Last month Community Services told Income Assistance recipients who qualify that they must apply for the Canada Emergency Response Benefit (CERB). We are hearing that this decision has raised many questions and quite a bit of anxiety.
At present, there are many hundreds of vulnerable people living in large and small congregate settings across the province, many with challenging physical and mental health needs. And there are chronic staff shortages being further exacerbated by the pandemic. So how do we go forward?
We believe one of the key ways to do this is to support the people caring for them. We need to recognize the essential role they are playing with our population during these uncertain and frightening Covid-19 times.
People who are receiving income assistance (IA) benefits and meet the program conditions can apply for the Canada Emergency Response Benefit (CERB) and will receive the full $2000 monthly payment. Reporting by Robert Devet and Kendall Worth,
A quick story on the lack of support for people on social assistance during this godawful pandemic. “I have multiple chronic illnesses that put me in the high risk category from COVID-19. Not just from the illness itself, but also, if I do get sick it will likely worsen, maybe permanently, all the illnesses I’m already struggling with.”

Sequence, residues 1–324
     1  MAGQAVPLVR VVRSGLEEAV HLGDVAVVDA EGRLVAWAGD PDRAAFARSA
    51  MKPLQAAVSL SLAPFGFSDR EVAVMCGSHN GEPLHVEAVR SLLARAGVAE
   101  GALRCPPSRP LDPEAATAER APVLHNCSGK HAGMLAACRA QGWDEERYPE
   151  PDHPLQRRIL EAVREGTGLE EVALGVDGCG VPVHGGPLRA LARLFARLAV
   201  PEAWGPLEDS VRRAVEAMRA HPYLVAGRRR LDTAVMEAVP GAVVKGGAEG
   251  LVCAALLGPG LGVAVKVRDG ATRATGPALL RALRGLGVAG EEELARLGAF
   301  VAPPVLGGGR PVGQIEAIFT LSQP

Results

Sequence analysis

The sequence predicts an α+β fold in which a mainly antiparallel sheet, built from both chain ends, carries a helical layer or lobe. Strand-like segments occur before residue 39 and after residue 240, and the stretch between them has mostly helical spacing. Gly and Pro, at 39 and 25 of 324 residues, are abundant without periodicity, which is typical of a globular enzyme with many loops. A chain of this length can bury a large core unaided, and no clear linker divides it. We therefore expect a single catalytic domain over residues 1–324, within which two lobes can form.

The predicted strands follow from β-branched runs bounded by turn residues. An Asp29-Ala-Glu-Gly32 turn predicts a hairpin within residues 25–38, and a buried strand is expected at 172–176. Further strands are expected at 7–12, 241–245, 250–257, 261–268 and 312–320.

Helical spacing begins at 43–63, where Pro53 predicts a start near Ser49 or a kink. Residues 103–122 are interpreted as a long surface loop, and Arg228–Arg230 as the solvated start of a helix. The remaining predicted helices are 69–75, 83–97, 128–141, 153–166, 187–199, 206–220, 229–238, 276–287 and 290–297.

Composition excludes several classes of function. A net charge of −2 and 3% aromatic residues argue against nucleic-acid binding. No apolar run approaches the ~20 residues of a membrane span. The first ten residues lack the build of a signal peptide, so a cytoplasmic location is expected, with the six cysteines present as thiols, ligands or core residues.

Facing the same threat of coronavirus, a new order issued by Dr. Strang institutes more accountability for nursing homes than for institutions for people with developmental disabilities. That leaves Community Services off the hook, and that is wrong, says human rights lawyer Claire McNeil. As well, protocols around isolation of infected residents need to be revisited.
We rightly hear a lot about the COVID-19 related risks faced by people incarcerated in Nova Scotia’s jails and prisons. What is more or less forgotten is that the 800 to 900 citizens labeled as living with disabilities who live in institutions in this province are facing the very same risks.
Today Kelly Regan, Minister of Community Services, joined the daily COVID-19 government press conference to discuss what her department is doing to help income assistance recipients and other low income people. Not very much at all, it turns out.
Open letter: At this time the only adequate defence to the spread of COVID-19 inside our jails, and consequent preventable deaths, is strategic decarceration — i.e., ensuring that admissions and numbers of prisoners held in facilities are as low as possible, consistent with public safety.
We talk with Wendy Lill, chair of the Community Homes Action Group, to understand what the provincial budget means for people labeled with developmental disabilities who are locked up in institutions. or at home, waiting for an opportunity to live in the community like you and I. It doesn’t look good.
Open Letter: Women’s Wellness Within is calling on the Nova Scotia Department of Community Services to follow British Columbia and Manitoba in ending the discriminatory and racist practice of issuing birth alerts for “at risk” mothers and their babies.